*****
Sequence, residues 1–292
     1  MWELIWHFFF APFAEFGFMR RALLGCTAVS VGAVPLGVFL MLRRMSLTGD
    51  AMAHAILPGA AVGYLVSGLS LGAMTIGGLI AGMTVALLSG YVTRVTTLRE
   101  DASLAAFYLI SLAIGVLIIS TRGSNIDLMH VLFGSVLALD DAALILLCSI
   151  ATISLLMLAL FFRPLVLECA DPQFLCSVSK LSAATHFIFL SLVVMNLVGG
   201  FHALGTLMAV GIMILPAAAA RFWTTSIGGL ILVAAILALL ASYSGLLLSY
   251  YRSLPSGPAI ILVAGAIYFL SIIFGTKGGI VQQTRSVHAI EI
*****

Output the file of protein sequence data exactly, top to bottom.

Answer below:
Sequence, residues 1–292
     1  MWELIWHFFF APFAEFGFMR RALLGCTAVS VGAVPLGVFL MLRRMSLTGD
    51  AMAHAILPGA AVGYLVSGLS LGAMTIGGLI AGMTVALLSG YVTRVTTLRE
   101  DASLAAFYLI SLAIGVLIIS TRGSNIDLMH VLFGSVLALD DAALILLCSI
   151  ATISLLMLAL FFRPLVLECA DPQFLCSVSK LSAATHFIFL SLVVMNLVGG
   201  FHALGTLMAV GIMILPAAAA RFWTTSIGGL ILVAAILALL ASYSGLLLSY
   251  YRSLPSGPAI ILVAGAIYFL SIIFGTKGGI VQQTRSVHAI EI